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Front Page » November 16, 2006 » Focus on Health » Tobacco users encouraged to learn the dangers of smoking
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Tobacco users encouraged to learn the dangers of smoking


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Smoking contributes to a number of health problems, including heart disease, cancer and reproductive problems. Smokers are encouraged to take steps to stop smoking.

The Centers for Disease Control and Prevention (CDC) reports that smoking remains the leading cause of preventable death and has negative health impacts on people at all stages of life. It harms unborn babies, infants, children, adolescents, adults and seniors. Surprisingly, at least a quarter of the United States' population still continues to light up, says the CDC.

Cigarette smoking has decreased over the years by at least 50 percent (nearly 45 percent of the population smoked during the 1960s). But there are those who continue to put themselves at risk despite the warnings of doctors, the government, friends and family. In addition, many smokers subject spouses and children to secondhand smoke, needlessly endangering not only themselves, but their loved ones as well.

Smoking has many health implications. Here are a few to consider, courtesy of the U.S. Surgeon General:

•Cancer-causing agents (carcinogens) in tobacco smoke damage important genes that control the growth of cells, causing them to grow abnormally or to reproduce too rapidly.

•The carcinogen benzoapyrene binds to cells in the airways and major organs of smokers.

•Smoking affects the function of the immune system and may increase the risk for respiratory and other infections.

•Nicotine reaches the brain within 10 seconds after smoke is inhaled. It has been found in every part of the body and in breast milk.

•By smoking around infants, smokers put them at a greater risk for Sudden Infant Death Syndrome (SIDS).

•The body produces antioxidants to help repair damaged cells. Smokers have lower levels of antioxidants in their blood than do nonsmokers.

Cigarette smoking has been linked to many illnesses, including heart disease and stroke. Smoking can cause coronary heart disease, which results from atherosclerosis of the coronary arteries. Toxins in the blood from smoking cigarettes contribute to the development of atherosclerosis. Atherosclerosis is a progressive hardening of the arteries caused by the deposit of fatty plaques and the scarring and thickening of the artery wall. Inflammation of the artery wall and the development of blood clots can obstruct blood flow and cause heart attacks or strokes.

Cancer is the second leading cause of death and was among the first diseases linked to smoking, says the surgeon general. Cigarette smoking is responsible for most cases of death in conjunction with cancer. It can cause lung cancer as well as cancers in the mouth, throat and bladder. Men who smoke are more likely to develop lung cancer than their female counterparts - yet the risk is high regardless of age or sex.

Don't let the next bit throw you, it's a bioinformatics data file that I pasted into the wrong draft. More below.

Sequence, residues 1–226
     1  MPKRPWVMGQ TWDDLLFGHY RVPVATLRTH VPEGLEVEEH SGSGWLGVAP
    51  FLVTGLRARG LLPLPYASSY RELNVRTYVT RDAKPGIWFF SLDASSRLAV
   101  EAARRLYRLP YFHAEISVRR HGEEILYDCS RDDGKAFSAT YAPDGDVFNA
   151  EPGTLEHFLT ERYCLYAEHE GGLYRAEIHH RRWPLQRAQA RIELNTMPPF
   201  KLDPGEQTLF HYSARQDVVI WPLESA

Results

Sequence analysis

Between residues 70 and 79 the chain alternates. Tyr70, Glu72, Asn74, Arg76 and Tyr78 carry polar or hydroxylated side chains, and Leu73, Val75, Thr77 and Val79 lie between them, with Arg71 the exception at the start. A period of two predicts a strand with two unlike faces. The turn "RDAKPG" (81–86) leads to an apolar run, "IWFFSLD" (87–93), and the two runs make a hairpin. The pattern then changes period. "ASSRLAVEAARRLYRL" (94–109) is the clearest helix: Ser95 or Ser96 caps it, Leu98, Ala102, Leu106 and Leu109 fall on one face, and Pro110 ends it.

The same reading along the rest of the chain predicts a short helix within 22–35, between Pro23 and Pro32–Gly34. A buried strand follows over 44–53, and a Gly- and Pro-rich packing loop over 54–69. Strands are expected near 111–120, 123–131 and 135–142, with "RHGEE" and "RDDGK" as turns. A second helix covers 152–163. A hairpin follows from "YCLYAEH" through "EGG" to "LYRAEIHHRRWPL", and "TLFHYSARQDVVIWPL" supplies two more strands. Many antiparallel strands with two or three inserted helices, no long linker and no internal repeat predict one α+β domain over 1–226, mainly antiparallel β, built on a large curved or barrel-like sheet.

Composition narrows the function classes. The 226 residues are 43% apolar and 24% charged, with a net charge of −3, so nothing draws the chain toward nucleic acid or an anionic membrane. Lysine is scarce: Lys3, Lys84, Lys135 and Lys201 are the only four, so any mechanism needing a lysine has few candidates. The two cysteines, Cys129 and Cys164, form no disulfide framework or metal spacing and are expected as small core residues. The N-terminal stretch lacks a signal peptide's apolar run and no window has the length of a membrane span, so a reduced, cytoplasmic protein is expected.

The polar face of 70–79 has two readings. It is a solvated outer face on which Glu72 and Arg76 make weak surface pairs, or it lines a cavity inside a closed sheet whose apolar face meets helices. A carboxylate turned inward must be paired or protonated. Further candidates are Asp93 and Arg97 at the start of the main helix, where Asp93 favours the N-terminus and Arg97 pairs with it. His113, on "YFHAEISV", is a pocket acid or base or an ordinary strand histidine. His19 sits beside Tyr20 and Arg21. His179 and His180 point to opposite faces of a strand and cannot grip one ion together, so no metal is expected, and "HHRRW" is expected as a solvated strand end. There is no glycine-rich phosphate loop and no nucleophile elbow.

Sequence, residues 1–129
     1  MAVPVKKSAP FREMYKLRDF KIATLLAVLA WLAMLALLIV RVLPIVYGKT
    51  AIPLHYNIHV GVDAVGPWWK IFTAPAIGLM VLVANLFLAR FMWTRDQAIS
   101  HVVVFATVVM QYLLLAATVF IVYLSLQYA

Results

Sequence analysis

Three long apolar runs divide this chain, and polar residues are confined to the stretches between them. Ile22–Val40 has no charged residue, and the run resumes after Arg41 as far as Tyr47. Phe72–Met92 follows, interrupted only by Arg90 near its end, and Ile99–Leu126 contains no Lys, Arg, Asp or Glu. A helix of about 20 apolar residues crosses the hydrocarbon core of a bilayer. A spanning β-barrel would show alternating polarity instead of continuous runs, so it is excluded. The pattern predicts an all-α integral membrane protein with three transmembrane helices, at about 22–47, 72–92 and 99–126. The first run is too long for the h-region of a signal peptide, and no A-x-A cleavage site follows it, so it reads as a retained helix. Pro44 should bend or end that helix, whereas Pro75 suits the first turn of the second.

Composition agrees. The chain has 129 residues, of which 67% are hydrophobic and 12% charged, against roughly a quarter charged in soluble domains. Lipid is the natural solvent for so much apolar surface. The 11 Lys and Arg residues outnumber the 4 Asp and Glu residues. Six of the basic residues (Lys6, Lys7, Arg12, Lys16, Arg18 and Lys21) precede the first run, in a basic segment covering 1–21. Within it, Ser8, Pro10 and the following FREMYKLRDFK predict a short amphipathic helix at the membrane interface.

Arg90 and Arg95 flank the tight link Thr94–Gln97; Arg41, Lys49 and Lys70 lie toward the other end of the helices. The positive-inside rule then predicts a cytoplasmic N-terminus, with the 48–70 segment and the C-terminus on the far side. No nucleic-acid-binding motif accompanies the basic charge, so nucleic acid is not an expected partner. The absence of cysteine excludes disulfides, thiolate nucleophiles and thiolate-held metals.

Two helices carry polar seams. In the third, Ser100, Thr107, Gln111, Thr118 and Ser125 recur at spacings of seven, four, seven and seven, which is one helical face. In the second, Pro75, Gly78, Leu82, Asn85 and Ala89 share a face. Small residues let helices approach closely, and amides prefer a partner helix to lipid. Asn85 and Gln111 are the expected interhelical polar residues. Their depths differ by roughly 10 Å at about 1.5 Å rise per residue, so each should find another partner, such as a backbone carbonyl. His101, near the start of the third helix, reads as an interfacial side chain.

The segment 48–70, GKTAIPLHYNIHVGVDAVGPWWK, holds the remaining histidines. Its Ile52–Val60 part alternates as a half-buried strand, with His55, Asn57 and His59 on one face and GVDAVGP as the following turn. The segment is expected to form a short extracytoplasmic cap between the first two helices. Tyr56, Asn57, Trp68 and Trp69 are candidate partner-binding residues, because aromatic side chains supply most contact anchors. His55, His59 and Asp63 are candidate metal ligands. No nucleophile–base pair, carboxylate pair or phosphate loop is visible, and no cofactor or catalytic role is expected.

Smoking can affect reproduction and fertility in a number of ways. It has been shown that smoking can make it harder for women to get pregnant. Should a woman get pregnant, smoking can cause many problems to the fetus and complicate the pregnancy. Pregnant women who smoke are more likely to have placental abruption, where the placenta prematurely separates from the wall of the uterus. This can lead to preterm delivery, stillbirth or early infant death. In babies who make it to term, smoking can cause low birth weight and birth defects. Yet despite these warnings, only 20 to 25 percent of women quit smoking upon learning they are pregnant, says the CDC.

Nicotine is a very potent chemical. Some argue that it produces a greater physical addiction than heroin or cocaine. Nicotine produces a feeling of euphoria in smokers. Once the drug reaches the brain, it can cause a calming and soothing feeling, which is what draws many people back for more. Yet, smoking can be stopped if an individual is committed to quitting. There are a number of nicotine replacement products available that can help smokers gradually wean off of cigarettes. Just keep in mind that it can take up to 72 hours for full nicotine detoxification to take place in the body - releasing a smoker from the physical withdrawal symptoms. However, the mental dependence could be equally as strong.

Quitting smoking at any stage in a smoking career provides immediate health benefits. An individual's chances for contracting diseases drop and, with time, his or her lungs can gradually heal themselves and function properly again. For help in quitting, visit the American Cancer Society at www.cancer.org, or the American Lung Association at http://www.lungusa.org/.


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